If you’re a leader, then there’s a good chance you’ll spend some time in the Desert of Doubt – a vast lonely place with few landmarks or signs of hope.
You’ll know that you are there when you begin asking yourself:
Am I on the right track?
Am I cut out for this?
Will I fail?
Can I trust my team?
Although there are no shortcuts, doubts and fears can be managed just like anything else. Here are a few of the survival principles I have gleaned while guiding clients through the desert:
When we anticipate something, we are able to prepare for it more effectively and exert more control over our emotions and attitudes once it occurs. I help clients to understand that doubting themselves is a normal human experience –for leaders especially. I want them to take comfort in the fact that their self-doubt is not unique, and that just as others overcame doubts, so can they.
The worst thing that someone can do in the desert is stop moving. Inaction and despondency will kill you. Sometimes a successful coaching session is just getting someone back on their feet, encouraging them enough to help them keep pushing forward.
One of the most powerful ways to keep someone on course is to remind them of all the preparatory work that we did getting them ready for the journey – all the tools we used and effort we put into discovering their personality, strengths, and values. After the various ways we confirmed that their vision for the future and ensured that they had the skills and the team to attain it, my clients can be certain that they did not set out on their journeys in a frivolous or naïve manner.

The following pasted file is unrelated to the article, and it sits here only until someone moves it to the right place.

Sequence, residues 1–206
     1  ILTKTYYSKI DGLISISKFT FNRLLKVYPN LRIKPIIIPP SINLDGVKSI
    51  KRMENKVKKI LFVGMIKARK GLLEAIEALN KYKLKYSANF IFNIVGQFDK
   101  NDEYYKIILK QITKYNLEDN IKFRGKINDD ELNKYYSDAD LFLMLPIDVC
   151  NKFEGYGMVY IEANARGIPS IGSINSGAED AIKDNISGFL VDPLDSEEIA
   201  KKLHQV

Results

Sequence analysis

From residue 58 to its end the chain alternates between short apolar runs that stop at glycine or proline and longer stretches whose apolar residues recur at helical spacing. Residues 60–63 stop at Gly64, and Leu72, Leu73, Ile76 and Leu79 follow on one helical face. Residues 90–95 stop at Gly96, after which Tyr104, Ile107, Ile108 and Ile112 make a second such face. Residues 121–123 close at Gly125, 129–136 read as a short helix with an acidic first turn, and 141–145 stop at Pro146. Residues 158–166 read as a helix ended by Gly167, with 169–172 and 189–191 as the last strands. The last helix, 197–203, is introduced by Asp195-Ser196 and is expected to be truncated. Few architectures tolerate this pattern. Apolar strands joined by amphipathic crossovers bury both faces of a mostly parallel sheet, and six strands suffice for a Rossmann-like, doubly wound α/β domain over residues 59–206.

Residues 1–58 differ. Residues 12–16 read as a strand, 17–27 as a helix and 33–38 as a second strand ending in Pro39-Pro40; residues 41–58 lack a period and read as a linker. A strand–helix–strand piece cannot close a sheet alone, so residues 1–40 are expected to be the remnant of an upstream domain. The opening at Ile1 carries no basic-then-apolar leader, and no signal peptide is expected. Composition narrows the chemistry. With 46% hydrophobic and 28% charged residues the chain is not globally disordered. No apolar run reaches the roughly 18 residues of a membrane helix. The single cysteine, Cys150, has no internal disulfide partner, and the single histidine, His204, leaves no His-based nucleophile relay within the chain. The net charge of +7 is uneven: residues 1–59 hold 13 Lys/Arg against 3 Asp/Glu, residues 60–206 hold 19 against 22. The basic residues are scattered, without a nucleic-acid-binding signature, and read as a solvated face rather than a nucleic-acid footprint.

I also like to help my clients adjust their perspectives. It is extremely easy to blow a situation out of proportion – especially when someone is stressed and overwhelmed. I like to remind them that standing at the bottom of a mountain and looking up provides a very different experience than standing far enough away to see the route to the top. Reframing problems as surmountable challenges isn’t just semantics; it is a way of transforming our experiences and situations so that we are more able to engage them.
One of the best ways of encouraging my clients is simply by listening to them and helping them process their experiences. It helps to know that they’re not alone. Many leaders really don’t have anyone to talk to. They’re worried about what their employees’ reactions will be if they express anxiety and confusion and are wary of burdening their spouses with work issues.
When people are exhausted and fearful in the Desert of Doubt, they begin to see things that don’t exist. They tend to chase after false hopes or become suspicious even when no suspicion is warranted. It is the coach’s job to help clients determine what is real and what is not, and then to continue on in the direction of the course that was charted before the journey began.
I cannot guarantee that a client will survive the Desert of Doubt. (Ultimately, their survival is a choice only they can make.) But I can guarantee that it is a place made much more bearable with a good leadership coach as a guide.
Image courtesy of “digitalart” at FreeDigitalPhotos.net